Music Semiconductors Inc.'s claim to fame is introducing content addressable memory (CAM) to the networking market, yet the fabless chip company may be best known for selling its ternary CAM assets last year to Micron Technology Inc.
Micron's dabble in TCAMs was ill-fated, but Music plays on in the smaller, less glamorous binary CAM arena.
The company's decision to invest its future in binary CAM still has analysts baffled, but executives at Music said they are not looking back.
With 2002 revenue of $5.3 million, Music estimates its share of the binary CAM market to be 75%, while competitors such as Integrated Device Technology, Cypress Semiconductor, NetLogic Microsystems, and Sibercore Technologies have primarily focused on more complex TCAMs.
Meanwhile, sales of TCAMs--once projected to be well more than a $1 billion market--have shriveled to less than $70 million annually amid the communications industry downturn, according to iSuppli Corp., El Segundo, Calif.
Binary CAMs are used for high-speed router table searches, to match a packet header against stored address data. Though they, too, are a much smaller segment than before the dot-com crash, binary CAMs are still a viable and profitable commodity niche--with gross margins averaging 70%--supplying low-end network equipment such as Ethernet switches and routers, cable head-end modems, and DSLAMs, said Mike Burton, president and chief executive of Music, Orlando, Fla.
"We're not seeing any lack of interest by companies to use our devices," Burton said. "We continue to supply to all the major networking companies in the world. And we do what we can to keep it fresh by adding new products and features."
Music, which stands for Multi User Specialty Integrated Circuits, designs and markets CAMs with densities of 0.5 to 8Kbits and bus widths of 64 to 80 bits. This year the company plans to increase density to 16Kbits and integrate the LA-1 standard network processor interface, as well as boost lookup speeds.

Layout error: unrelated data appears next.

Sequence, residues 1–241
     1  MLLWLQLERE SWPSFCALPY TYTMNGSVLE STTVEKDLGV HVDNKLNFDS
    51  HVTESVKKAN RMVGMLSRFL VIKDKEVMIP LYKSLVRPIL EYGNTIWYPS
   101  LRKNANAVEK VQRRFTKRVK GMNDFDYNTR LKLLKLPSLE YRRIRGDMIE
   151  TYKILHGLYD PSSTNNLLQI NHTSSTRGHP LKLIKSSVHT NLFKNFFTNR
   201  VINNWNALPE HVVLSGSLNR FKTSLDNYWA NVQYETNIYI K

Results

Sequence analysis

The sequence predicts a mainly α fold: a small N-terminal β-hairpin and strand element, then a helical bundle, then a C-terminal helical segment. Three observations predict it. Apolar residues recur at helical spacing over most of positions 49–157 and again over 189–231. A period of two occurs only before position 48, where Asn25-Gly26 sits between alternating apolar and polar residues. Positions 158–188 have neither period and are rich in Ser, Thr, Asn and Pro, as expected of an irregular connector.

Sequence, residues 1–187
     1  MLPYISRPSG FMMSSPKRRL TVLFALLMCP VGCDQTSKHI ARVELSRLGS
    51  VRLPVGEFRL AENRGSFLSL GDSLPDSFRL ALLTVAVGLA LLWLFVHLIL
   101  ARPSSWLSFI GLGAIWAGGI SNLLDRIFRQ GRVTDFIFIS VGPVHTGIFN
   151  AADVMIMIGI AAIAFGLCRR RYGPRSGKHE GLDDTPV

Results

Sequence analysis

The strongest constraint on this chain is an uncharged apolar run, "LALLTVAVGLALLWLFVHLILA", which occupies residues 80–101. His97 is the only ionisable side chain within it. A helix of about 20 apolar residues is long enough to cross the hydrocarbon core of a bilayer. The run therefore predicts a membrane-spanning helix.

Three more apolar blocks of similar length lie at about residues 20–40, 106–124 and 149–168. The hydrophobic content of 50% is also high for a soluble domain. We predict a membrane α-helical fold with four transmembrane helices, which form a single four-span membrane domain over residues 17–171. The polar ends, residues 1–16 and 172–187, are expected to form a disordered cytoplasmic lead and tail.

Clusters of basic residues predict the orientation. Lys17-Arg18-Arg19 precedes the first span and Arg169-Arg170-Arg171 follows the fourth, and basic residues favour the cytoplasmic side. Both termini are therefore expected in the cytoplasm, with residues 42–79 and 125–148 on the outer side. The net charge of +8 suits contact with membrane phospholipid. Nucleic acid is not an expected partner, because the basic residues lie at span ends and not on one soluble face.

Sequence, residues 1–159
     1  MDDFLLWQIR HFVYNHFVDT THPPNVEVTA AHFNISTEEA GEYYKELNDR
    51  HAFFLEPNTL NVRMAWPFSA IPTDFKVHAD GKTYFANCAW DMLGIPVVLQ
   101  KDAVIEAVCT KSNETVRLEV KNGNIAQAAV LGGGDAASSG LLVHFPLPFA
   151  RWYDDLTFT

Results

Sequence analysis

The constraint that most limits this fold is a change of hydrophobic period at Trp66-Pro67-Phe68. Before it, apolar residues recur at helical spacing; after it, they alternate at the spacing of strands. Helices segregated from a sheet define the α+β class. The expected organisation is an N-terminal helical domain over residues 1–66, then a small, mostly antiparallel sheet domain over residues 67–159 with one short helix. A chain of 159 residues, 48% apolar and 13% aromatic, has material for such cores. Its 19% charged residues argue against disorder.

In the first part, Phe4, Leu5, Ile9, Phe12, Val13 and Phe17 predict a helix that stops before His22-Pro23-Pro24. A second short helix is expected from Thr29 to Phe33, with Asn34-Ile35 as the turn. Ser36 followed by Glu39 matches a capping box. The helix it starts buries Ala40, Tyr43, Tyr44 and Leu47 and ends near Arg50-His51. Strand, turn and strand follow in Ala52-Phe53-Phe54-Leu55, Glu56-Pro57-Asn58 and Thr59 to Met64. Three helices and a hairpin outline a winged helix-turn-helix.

New applications continue to emerge as well, such as RAID storage systems, which use CAMs to manage redundant lookup tables, said Paul Winders, applications manager.
Burton said design wins, which dried up from 2000 to 2001, began to recover last year, and should provide a nice revenue kicker when they go into production later this year.
Analysts are skeptical, however, believing the network search-engine mar-ket has permanently moved on to TCAM, which has the ability to do more sophisticated packet searches.
"I don't anticipate that any other players will enter the binary CAM market or that it will be a viable market segment in the future," said Rhondalee Donovan of Semico Research Corp. in Los Gatos, Calif. "The train has left the station."
Nevertheless, it's been a good niche for Music, which shipped more than 200,000 binary CAMs in 2002, Burton said. Despite the near-bankrupt state of its parent, Music Corp., which is based in the Philippines, the U.S. subsidiary generates positive cash flow to fund its 60-person operation, he said.
The company retains 40 employees at an ISO-certified IC test factory in Manila. Wafer processing is done primarily by Chartered Semiconductor Manufacturing Ltd., while Amkor Technologies Inc. and ASE handle packaging of the CAMs.
Music's products are distributed by Sager Electronics in the United States, and by a network of manufacturers' representatives in Europe, Japan, and Asia-Pacific.